I have read the bookends of the Aurelio Zen series by this talented author, firstly his newest "Blood Rain", and the inaugural book in the series "Ratking". Although I cannot yet comment on the installments that reside between these two books, unlike some ongoing character based novels, the last was as good as the first.

One of Mr. Dibdin's great talents is his ability to sustain the unknown, or the uncertainty of the solution to his books to the very end. He does not use crude blind alleys or other cliché slights of hand with his pen, rather he brings the reader along with Aurelio, seeing what he sees, but not limiting the reader to only what the Inspector may feel. There is no blatant misdirection, which by definition fools no one; Mr. Dibdin is much more subtle. In, "Ratking", he constructs a Gordian Knot, of rat tails/tales, and unlike the Ratking the book describes, he unravels his construct with a self deprecating flair.
Unlike other authors he does not throw open a curtain and hope for the expected gasp, he entertains throughout his work. His novels are wonderfully complete, and amazingly brief. His stories are not based on one clever thought that is then pulled and stretched to novel length. His stories are finished, and written with a disciplined hand.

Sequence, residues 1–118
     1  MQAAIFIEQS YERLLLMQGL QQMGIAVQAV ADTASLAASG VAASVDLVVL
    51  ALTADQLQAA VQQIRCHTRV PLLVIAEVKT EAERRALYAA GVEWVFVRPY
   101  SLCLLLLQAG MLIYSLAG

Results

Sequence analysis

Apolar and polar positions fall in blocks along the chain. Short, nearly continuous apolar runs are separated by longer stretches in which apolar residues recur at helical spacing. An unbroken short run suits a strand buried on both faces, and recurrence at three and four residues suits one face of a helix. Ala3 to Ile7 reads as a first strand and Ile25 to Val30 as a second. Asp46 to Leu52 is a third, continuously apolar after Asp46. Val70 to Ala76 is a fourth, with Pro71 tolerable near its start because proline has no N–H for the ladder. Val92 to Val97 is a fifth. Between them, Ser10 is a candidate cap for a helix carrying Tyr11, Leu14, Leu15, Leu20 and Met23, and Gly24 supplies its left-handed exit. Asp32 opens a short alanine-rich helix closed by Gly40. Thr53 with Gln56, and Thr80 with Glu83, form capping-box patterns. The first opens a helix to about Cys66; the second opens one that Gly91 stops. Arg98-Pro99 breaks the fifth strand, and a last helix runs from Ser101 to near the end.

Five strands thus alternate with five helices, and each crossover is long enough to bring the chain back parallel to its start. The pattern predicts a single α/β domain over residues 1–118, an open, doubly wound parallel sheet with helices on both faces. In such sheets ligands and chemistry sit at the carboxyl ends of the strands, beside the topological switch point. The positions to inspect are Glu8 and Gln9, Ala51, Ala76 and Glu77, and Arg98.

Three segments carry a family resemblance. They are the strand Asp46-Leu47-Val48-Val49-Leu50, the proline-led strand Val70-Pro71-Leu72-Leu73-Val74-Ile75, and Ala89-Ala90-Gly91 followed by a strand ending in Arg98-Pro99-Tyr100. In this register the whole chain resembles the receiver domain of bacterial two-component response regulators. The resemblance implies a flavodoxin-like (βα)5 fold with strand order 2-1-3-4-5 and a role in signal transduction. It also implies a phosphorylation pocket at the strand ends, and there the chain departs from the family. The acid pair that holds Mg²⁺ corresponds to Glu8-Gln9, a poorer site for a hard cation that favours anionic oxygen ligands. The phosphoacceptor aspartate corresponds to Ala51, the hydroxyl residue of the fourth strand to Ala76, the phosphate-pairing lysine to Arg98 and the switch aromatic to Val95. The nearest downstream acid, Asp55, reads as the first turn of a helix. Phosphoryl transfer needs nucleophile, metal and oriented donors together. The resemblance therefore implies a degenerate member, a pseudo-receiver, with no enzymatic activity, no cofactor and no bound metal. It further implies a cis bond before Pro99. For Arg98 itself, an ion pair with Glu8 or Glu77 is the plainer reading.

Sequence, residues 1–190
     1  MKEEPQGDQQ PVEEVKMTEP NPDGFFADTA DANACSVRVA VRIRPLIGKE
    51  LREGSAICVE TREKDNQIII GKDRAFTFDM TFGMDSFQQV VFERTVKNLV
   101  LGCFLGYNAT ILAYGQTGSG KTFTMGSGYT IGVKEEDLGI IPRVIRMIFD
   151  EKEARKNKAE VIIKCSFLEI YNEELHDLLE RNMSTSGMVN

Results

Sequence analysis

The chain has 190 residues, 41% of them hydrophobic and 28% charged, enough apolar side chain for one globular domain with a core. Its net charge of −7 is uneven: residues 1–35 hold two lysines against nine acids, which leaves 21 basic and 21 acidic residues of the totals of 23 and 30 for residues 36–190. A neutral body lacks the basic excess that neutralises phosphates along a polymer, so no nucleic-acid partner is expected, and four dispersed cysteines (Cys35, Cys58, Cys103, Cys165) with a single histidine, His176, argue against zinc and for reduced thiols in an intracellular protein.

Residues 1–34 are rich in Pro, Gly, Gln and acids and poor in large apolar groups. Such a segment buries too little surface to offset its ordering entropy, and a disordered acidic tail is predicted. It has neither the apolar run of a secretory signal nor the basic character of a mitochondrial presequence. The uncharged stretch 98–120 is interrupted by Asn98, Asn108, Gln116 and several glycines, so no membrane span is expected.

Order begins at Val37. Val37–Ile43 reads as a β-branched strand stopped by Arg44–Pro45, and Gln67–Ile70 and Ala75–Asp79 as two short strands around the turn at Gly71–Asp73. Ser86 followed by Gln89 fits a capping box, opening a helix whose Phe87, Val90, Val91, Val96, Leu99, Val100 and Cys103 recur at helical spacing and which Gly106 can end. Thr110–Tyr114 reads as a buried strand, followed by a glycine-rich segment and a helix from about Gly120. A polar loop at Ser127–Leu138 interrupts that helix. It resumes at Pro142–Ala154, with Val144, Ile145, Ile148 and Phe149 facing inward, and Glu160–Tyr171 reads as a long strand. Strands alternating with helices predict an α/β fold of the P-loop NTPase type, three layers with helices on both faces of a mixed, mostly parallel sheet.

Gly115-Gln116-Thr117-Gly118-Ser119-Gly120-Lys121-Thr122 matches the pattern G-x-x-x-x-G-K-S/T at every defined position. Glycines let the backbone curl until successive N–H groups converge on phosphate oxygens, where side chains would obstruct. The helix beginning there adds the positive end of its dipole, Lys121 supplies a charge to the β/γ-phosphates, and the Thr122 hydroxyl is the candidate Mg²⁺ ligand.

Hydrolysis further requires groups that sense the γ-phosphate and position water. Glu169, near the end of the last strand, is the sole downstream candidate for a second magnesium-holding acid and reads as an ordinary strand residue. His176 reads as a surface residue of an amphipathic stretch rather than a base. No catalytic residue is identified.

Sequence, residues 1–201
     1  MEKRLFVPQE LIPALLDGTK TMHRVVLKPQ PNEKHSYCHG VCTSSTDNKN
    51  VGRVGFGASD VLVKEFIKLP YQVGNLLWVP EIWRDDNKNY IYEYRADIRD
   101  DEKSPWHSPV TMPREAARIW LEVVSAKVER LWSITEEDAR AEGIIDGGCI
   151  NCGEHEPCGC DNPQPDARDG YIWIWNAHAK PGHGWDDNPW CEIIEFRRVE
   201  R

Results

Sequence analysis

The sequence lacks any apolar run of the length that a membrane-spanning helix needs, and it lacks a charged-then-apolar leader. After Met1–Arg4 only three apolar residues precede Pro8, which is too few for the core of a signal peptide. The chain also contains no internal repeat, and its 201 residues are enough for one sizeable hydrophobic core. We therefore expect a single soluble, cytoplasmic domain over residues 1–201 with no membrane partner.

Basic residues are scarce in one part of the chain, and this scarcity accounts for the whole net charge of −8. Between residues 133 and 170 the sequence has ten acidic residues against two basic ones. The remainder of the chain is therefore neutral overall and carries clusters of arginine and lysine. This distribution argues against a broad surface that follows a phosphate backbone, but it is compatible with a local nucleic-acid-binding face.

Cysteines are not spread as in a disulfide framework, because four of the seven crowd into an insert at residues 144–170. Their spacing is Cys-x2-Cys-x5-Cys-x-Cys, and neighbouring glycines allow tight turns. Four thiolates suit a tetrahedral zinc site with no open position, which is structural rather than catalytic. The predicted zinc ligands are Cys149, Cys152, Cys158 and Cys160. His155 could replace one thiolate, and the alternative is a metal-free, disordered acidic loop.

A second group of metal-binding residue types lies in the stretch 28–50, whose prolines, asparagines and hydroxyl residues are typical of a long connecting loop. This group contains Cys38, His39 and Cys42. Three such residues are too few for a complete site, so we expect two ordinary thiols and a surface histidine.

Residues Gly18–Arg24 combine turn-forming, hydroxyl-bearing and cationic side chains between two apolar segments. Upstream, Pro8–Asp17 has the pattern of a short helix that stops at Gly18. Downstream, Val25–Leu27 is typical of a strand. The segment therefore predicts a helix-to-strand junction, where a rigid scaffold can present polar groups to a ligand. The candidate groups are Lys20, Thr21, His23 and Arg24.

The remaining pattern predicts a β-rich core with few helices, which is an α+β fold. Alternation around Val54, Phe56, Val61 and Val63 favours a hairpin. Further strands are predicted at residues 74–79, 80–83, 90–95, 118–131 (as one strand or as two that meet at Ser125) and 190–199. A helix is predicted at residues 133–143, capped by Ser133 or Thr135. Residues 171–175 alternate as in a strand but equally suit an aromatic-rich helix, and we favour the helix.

This author has no need for gimmicks; he is a master with a pen, a wordsmith of the first order.
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3 of 4 people found the following review helpful
4.0 out of 5 stars RatkingFirst came across Aurelio Zen on television and very much enjoyed the experience and in the same way discovered Inspector, 23 Sep 2012
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This review is from: Ratking (Kindle Edition)
First came across Aurelio Zen on television and very much enjoyed the experience and in the same way discovered Inspector Montalbano. When I noticed Inspector Montalbano was published on Kindle I snapped-up all the available stories and very quickly read the lot in no time, which left a bit of hole in my reading needs. What next, Zen seemed a handy option but I have to say, whilst enjoyable not up to Montalbano quality of characterisation and plot-line.
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3 of 4 people found the following review helpful
5.0 out of 5 stars A Master Detective writer, 28 Feb 2011
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Having seen the Zen episodes on the BBC and enjoyed them enormously I did a little bit of detective work myself and found out that Michael Dibdin had written about eleven books in the Zen theme.I have purchased four of these and found them to be an extremely enjoyable read and would recommend them 100%.Thanks to Amazon for the very speedy delivery'